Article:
This report highlights our efforts to improve access to opportunity for low-income Arlingtonians. To truly belong, everyone needs supportive social networks and economic opportunity. Our Bridges Out of Poverty work with the Arlington Department of Human Services and community nonprofits aims to create a safety net system that allows all Arlingtonians to thrive and reach their potential, regardless of their zip code. And our Shared Prosperity Initiative brings together businesses, government, and nonprofits in new ways to keep our low-income neighbors from being forced out of our County as affordability pressures mount.
We are also committed to elevating and weaving together the work being done in our community to bring attention to our disparities and implement solutions. • The powerful Getting Ahead: The Uneven Opportunity Landscape report by the Northern Virginia Health Foundation shows us that there is a decade of difference in life expectancy depending on where you live in Arlington. People of color represent a disproportionate share of residents in these neighborhoods and face increasing barriers to staying in Arlington and getting ahead. • The Arlington Child Care Initiative’s work highlights the tremendous disparities across County zip codes when it comes to childcare accessibility and early childhood outcomes.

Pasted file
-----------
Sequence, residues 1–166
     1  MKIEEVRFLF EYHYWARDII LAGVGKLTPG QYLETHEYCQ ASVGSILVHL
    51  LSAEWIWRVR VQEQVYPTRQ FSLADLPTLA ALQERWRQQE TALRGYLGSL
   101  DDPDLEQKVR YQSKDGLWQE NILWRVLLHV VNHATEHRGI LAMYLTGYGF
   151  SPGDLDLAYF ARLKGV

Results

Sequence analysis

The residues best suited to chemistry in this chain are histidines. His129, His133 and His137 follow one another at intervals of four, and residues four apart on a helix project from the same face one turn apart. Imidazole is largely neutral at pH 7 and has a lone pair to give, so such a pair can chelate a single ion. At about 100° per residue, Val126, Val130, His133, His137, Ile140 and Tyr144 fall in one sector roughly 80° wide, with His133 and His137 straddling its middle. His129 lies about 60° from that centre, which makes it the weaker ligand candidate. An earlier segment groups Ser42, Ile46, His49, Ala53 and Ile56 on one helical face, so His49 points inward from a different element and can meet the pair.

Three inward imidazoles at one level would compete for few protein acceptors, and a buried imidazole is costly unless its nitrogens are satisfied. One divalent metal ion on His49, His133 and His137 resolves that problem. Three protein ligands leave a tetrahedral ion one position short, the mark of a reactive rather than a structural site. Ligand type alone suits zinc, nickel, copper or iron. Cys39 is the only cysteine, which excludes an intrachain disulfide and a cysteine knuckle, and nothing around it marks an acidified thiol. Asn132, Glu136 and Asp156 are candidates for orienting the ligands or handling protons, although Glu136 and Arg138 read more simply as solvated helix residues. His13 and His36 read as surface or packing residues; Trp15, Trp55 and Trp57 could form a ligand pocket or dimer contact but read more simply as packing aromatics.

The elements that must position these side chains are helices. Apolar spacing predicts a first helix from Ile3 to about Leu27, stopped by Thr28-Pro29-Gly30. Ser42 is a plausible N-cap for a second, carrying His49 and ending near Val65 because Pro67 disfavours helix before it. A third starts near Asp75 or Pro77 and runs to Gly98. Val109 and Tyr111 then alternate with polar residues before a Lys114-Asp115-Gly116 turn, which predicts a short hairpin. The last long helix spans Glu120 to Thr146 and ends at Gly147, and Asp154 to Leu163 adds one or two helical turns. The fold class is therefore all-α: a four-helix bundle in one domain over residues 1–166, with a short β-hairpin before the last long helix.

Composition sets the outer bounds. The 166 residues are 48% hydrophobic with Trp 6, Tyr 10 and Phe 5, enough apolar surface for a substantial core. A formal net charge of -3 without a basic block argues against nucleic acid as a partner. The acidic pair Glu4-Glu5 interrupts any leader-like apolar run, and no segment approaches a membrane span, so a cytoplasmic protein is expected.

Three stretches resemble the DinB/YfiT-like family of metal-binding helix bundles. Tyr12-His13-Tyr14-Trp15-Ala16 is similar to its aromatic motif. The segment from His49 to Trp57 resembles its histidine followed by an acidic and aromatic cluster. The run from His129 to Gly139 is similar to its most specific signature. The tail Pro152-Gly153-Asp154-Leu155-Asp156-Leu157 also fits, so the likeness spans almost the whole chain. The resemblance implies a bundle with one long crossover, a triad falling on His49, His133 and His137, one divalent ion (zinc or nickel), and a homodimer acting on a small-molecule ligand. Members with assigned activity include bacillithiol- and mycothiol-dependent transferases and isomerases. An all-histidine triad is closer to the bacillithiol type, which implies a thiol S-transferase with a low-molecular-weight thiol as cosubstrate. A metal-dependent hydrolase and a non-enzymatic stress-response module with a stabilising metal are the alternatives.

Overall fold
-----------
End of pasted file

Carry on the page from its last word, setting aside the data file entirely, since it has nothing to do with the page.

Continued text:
• In the face of these disparities, the Destination 2027 community initiative challenges us to use data to question decisions about how resources are allocated: Who benefits from these allocations and policies? Who is burdened? Who is missing? • The Community Progress Network has created a place for County decision makers to hear the voices of often unheard low-income residents through family-style dinners and dialogue.